As the world remembers Queen Elizabeth II and ponders the symbolism of her life and the monarchy, a fact likely to go largely unnoticed is that the month of her passing coincides with the thirty-fifth anniversary of a very different, but also highly symbolic, event in British history.
It was in September 1987 that then British Prime Minister Margaret Thatcher, in an interview with Woman’s Own magazine, uttered the immortal—and, for many, notorious—words: “There is no such thing as society”.
The contrast between the monarch who selflessly served her country, her faith and the traditions she inherited, and the neoconservative politician who saw life and the world in terms of market forces could not be starker.
It helps to illuminate the economic, social and cultural changes that have taken place in the last three and a half decades, and goes some way toward explaining many of the crises that we face—crises that can be traced back, with relatively little difficulty, to Thatcher’s ill-chosen words.
Naïve and Idealistic
To be fair, Thatcher was not advocating a devil-take-the-hindmost philosophy. She was elaborating a view of life that rejected the notion of society as a theoretical construct in favour of a vision of men and women as flesh-and-blood individuals seeing to their own needs first, then the needs of others.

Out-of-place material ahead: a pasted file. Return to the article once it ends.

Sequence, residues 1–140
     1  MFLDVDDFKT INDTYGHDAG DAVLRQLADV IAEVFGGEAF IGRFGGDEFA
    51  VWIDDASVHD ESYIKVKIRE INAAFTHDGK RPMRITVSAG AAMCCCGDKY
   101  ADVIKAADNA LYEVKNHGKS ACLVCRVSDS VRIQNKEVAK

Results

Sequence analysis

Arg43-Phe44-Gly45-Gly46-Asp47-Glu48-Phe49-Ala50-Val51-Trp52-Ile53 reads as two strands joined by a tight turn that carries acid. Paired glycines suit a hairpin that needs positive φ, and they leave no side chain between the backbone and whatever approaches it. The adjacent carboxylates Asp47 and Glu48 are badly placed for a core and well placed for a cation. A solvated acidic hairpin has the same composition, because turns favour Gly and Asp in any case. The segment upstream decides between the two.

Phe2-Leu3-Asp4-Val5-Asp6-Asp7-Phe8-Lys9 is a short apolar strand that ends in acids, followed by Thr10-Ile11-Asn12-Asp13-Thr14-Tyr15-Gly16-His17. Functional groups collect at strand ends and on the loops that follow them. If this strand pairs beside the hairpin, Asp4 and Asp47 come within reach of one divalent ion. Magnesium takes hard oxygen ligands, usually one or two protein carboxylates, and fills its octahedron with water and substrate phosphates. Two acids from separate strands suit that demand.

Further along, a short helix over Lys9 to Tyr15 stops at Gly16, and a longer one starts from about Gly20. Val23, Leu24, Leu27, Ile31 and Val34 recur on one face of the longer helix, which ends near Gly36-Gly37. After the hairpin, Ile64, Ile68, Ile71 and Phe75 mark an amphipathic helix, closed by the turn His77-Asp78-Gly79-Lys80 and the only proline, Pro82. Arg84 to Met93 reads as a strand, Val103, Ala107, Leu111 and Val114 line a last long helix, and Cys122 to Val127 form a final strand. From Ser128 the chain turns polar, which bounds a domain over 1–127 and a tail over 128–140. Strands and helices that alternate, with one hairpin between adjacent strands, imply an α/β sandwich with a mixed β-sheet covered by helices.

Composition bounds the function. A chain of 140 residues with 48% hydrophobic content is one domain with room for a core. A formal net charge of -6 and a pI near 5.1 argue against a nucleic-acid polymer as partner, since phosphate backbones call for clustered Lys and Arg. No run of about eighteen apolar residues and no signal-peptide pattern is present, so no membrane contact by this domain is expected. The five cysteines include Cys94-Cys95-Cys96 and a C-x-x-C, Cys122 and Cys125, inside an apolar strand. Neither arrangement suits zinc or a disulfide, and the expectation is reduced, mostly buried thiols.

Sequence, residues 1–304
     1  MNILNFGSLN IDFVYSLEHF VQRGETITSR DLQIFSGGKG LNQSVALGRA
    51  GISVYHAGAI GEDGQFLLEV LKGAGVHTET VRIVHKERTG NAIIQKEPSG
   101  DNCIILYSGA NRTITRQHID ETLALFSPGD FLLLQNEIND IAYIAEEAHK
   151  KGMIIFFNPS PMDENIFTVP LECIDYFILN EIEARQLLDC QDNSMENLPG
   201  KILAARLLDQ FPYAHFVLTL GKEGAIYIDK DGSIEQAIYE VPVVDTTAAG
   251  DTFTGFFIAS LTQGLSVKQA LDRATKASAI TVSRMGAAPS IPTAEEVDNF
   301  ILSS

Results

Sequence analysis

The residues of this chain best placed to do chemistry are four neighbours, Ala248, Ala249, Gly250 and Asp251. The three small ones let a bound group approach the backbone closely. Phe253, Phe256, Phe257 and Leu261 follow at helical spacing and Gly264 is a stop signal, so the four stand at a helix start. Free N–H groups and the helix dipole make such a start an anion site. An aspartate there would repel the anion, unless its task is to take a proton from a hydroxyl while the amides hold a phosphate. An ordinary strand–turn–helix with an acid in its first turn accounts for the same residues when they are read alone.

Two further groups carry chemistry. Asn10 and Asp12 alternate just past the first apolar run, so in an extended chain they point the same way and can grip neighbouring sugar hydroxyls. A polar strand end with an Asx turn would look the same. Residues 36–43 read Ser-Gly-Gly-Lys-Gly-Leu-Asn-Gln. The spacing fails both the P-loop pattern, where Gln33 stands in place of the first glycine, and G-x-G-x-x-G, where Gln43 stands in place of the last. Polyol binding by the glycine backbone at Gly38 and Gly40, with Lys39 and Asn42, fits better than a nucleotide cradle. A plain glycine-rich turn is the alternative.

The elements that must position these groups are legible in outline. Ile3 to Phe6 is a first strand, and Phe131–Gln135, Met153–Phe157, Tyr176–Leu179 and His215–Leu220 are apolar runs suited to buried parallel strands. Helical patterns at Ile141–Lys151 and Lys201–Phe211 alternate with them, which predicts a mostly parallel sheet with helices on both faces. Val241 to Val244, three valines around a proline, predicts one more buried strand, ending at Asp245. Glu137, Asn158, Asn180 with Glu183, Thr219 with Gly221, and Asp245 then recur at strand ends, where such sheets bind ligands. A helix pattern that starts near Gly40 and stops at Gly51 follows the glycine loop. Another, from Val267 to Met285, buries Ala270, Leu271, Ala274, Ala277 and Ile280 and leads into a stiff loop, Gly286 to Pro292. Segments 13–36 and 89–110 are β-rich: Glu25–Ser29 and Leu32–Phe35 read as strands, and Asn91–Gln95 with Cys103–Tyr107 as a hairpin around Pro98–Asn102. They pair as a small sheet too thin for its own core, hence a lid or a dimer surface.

It was a world in which no individual had an a priori claim on social welfare. She did not dispute that the unfortunate may need help, but she insisted that such provision should be made within a framework of rights and obligations that fell equally upon all individuals, rich and poor.
Her ideas are often dismissed as social Darwinism; they might equally be seen as naïve and idealistic, because they are so impractical. Essentially, they delegate social welfare, charity and altruism to market forces—dynamics that are impersonal in aggregate and self-interested at the individual level.
The destructive import of her words, however, is not confined to the narrow concerns of social welfare. It extends well into the macroeconomic sphere, and even into geopolitics.
Economic Expediency vs. Social Cohesion